Cambodia commemorates Paris Peace Accord anniversary

PHNOM PENH (Xinhua) — Approximately 300 monks, opposition supporters, and human rights activists marched through streets here on Thursday to mark the 23rd anniversary of the Paris Peace Agreement, which is the country’s national day.

“The rally is to urge the government to fully implement the agreement for the sake of peace, national unification, democracy, development, independence, sovereignty and territorial integrity,” said one of the protest leaders Venerable Soeun Hai.

The Paris Peace Accord was signed in 1991 by the UN and 18 countries — including the United States, China, Australia and Japan — who agreed to monitor the implementation of the agreement.

The agreement ended Cambodia’s protracted civil war and paved the way for the country to move from a communist state to democracy. It allowed the UN Transitional Authority to oversee free and fair national elections in the country in 1993.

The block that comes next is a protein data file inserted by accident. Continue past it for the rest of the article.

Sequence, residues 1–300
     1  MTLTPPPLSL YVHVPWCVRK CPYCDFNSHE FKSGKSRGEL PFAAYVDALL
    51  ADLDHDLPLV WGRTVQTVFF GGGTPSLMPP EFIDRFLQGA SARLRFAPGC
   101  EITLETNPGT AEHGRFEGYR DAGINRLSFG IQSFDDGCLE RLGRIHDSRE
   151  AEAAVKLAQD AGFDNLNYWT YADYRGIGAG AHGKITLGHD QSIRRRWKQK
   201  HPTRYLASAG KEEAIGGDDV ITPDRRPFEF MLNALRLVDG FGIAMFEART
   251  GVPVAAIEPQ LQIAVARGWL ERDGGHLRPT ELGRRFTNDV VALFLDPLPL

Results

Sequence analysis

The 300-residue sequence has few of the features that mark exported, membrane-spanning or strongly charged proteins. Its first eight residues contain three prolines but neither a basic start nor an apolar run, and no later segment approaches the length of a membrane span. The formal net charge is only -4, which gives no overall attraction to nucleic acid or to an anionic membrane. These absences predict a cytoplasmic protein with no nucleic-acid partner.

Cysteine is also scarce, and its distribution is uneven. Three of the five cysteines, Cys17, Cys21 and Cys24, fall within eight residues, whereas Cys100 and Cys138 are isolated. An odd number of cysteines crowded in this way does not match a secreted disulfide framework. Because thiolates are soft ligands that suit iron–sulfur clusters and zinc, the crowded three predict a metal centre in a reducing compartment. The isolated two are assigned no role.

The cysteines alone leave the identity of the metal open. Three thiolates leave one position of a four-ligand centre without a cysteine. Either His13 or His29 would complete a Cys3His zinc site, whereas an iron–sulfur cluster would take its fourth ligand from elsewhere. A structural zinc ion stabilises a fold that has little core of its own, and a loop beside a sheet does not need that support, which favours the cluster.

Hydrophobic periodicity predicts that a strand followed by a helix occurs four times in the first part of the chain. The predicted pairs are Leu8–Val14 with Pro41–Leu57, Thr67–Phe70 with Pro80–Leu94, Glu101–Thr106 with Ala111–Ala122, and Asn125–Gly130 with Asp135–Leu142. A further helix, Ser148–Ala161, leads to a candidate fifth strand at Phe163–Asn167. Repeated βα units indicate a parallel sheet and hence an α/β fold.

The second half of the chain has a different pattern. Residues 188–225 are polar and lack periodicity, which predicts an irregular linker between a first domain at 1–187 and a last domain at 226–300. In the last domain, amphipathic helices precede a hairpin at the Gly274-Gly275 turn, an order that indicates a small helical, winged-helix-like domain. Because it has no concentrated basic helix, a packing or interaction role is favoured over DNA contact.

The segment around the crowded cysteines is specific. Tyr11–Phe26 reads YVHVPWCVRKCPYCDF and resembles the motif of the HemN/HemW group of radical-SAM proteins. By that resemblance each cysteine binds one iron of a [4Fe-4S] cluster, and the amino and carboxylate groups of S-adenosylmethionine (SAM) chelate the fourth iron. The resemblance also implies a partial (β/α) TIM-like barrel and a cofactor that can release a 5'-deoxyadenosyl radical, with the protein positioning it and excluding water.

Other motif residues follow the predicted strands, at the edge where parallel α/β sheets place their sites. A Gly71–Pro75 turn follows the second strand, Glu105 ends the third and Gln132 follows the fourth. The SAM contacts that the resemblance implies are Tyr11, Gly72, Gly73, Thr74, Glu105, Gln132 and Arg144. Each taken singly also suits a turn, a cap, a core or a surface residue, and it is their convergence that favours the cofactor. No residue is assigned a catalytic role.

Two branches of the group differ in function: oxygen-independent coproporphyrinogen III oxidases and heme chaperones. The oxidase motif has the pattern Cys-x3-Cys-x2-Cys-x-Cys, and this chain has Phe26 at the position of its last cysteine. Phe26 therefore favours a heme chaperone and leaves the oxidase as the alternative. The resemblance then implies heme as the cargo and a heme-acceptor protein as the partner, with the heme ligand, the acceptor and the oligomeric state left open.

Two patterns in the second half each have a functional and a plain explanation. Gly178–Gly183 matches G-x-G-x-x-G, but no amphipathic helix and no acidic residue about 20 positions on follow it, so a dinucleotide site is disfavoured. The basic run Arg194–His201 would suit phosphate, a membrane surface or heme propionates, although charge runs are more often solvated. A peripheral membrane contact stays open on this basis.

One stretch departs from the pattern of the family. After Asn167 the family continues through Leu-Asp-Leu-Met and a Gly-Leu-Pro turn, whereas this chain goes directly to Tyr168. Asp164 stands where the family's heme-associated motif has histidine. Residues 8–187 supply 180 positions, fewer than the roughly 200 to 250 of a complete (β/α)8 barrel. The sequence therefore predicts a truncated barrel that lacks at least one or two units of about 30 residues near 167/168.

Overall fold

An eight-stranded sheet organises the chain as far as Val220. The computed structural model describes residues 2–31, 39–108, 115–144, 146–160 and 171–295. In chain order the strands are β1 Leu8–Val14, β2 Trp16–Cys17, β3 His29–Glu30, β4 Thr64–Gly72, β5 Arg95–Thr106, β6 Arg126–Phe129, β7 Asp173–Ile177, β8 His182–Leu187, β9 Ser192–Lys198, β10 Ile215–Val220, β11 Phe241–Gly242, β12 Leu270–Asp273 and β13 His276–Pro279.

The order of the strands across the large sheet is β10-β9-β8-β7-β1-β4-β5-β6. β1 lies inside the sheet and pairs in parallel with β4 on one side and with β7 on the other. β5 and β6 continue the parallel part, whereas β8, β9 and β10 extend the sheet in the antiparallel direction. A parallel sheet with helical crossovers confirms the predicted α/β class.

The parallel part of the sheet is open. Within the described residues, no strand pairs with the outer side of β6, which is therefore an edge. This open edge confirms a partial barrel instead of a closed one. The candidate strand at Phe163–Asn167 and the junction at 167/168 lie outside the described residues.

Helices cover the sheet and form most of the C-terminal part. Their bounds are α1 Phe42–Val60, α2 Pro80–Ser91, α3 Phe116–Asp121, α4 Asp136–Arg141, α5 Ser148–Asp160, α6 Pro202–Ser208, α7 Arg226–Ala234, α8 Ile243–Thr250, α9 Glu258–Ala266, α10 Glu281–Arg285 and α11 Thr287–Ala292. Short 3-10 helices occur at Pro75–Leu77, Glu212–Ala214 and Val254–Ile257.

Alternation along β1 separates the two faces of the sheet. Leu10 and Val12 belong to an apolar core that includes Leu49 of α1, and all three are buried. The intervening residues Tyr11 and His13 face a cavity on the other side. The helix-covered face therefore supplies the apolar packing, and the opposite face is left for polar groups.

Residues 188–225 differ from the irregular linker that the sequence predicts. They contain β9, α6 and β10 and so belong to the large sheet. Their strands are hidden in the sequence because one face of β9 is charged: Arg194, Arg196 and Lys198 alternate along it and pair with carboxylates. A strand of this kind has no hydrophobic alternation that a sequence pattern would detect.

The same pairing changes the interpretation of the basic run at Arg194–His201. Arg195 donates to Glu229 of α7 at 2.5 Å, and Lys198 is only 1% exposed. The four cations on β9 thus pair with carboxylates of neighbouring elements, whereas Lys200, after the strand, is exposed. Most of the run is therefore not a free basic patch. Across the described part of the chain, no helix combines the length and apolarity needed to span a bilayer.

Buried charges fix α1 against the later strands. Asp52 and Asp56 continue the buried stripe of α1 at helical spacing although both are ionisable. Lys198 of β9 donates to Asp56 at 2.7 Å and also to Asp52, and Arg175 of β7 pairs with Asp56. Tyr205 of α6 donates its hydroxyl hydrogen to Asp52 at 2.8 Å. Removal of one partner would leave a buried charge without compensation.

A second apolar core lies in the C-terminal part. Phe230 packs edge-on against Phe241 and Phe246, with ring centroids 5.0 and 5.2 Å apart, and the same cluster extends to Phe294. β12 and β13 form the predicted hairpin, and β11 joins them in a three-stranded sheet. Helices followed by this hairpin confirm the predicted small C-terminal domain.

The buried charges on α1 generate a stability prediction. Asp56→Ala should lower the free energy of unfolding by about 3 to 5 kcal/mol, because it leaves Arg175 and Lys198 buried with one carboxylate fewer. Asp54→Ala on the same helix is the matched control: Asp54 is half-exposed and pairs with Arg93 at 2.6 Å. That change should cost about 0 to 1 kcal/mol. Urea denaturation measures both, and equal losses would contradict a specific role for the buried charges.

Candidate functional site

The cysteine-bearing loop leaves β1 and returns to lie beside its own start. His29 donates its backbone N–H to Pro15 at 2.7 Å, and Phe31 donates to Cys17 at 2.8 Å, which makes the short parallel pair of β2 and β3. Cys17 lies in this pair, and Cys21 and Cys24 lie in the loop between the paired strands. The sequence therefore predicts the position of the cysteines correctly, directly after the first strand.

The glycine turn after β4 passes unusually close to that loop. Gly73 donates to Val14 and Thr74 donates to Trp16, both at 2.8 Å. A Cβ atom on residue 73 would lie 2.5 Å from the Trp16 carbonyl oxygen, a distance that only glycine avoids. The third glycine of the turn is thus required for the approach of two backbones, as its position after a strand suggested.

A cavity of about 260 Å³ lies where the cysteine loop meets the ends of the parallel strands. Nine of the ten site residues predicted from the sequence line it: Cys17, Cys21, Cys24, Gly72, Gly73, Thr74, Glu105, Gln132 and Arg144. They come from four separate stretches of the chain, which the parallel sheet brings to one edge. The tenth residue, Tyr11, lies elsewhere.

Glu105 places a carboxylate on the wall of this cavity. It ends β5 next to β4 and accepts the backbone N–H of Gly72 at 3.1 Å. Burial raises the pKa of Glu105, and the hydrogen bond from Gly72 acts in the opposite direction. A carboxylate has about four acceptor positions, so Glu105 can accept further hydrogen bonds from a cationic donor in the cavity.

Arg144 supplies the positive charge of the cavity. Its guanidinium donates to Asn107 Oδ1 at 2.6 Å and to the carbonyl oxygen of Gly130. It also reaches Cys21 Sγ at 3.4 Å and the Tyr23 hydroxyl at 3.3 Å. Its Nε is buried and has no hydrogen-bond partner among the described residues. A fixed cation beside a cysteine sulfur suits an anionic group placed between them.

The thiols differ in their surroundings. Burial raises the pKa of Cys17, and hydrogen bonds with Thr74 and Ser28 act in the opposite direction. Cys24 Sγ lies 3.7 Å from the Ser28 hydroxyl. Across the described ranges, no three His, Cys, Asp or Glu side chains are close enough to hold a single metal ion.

Professor Pen Ngoeun, advisor to the University of Puthisastra, said Thursday that Cambodia has grown on its own for 23 years since the signing of the Paris Peace Agreement.

“We are mature enough to solve our own problems without looking for benefactors and pushers,” he said. “On this anniversary, let’s celebrate the closing of the chapter on our reliance on outsiders than on our own ability.”

He said the 1991 Paris Peace Agreement had been a starting point for Cambodia leadership to pursue lasting peace, security, development, independence, sovereignty and territorial integrity.